Interview with Steve Martin in The Believer

This may be a character flaw in me, but I’d rather read a book of anecdotes about Faulkner’s life than Go Down Moses or whatever.  Maybe I’ve got “reality hunger,” to quote a useful title from an infuriating book.  What I enjoyed most about this interview was less the stuff about Shopgirl and more this stuff

BLVR: You’re a movie star. How are you able to write about regular people with regular problems?

SM: Well, half my life I’ve been a celebrity and half I wasn’t. I do have knowledge of what it means to live on a dime.

BLVR: You have an aura about you that makes you seem more normal than many celebrities. Somehow you’ve managed to live a fairly normal life.

SM: I don’t know. I made two decisions that I suddenly recall for no reason. One was, when I was like eighteen and had a car, I said, “I’m never not going to go anywhere because of the price of gas.” And the other thing I remember thinking, when I was starting to become famous, was, “I am never not going to go anywhere because I’m famous.” Although I do choose not to go some places because I’m famous. But I travel alone. I don’t have an entourage. I don’t want that.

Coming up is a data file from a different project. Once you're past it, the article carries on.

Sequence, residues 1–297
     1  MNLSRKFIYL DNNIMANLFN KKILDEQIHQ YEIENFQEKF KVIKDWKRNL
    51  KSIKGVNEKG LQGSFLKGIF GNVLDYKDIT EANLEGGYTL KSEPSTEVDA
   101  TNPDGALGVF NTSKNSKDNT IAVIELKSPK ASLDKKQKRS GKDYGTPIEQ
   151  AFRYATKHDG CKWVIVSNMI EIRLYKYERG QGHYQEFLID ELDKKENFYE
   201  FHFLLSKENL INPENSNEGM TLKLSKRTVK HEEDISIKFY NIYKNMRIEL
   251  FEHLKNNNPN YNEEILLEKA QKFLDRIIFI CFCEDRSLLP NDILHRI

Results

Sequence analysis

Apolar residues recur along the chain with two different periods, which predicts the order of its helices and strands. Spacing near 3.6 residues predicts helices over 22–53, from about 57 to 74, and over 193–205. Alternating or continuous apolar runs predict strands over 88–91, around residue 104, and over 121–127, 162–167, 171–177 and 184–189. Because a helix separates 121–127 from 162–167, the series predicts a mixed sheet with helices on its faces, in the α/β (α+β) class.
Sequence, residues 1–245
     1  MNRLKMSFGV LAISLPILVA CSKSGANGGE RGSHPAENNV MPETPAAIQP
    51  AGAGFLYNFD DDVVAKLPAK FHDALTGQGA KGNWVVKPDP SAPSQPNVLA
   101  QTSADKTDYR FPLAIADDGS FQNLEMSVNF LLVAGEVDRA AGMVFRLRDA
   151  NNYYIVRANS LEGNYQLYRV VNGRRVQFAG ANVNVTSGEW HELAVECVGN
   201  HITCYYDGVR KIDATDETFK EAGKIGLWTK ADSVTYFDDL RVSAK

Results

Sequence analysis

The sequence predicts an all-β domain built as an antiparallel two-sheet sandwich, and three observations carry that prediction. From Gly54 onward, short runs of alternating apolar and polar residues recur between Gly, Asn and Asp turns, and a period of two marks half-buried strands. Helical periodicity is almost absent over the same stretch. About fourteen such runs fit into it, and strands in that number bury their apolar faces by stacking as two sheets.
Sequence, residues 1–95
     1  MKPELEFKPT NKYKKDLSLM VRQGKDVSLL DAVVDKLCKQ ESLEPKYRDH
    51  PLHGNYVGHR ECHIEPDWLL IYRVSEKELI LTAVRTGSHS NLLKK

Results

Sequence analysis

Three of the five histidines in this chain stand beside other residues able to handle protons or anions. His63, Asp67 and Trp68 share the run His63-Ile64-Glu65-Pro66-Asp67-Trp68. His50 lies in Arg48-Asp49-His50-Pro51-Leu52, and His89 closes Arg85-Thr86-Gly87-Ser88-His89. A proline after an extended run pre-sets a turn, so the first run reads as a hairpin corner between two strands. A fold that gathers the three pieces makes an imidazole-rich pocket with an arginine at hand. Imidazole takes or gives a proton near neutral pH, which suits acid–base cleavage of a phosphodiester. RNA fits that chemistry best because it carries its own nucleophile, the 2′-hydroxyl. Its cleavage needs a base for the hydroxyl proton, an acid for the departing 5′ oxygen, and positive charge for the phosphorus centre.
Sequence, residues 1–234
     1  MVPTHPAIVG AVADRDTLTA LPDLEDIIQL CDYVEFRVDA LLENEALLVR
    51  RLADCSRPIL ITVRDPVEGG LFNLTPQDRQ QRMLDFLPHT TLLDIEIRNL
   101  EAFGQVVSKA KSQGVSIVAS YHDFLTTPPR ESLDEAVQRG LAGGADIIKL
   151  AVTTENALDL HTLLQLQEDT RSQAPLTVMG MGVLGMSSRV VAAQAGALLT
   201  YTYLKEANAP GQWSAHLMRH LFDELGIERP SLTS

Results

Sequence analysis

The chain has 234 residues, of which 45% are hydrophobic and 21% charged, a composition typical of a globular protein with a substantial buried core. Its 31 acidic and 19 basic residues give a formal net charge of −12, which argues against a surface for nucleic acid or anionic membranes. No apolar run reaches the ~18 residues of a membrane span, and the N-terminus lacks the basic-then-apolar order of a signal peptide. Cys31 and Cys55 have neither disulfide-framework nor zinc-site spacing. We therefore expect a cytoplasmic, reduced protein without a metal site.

BLVR: I guess that makes your life easier.

SM: It’s really easier. You know, there’s a moment when you’re famous when it’s unbearable to go out because you’re too famous. And then there’s a moment when you’re famousjust right. [Laughs] And then there’s kind of a respect or distance or something, but you have a little bit more grease.

BLVR: When did the “just right” occur for you?

SM: I would say mid-eighties. There’s a kind of heat fever that just dissipates. You’re not someone who’s constantly being followed.

BLVR: Where can’t you go?

SM: It’s not where I can’t, it’s where I don’t want to.

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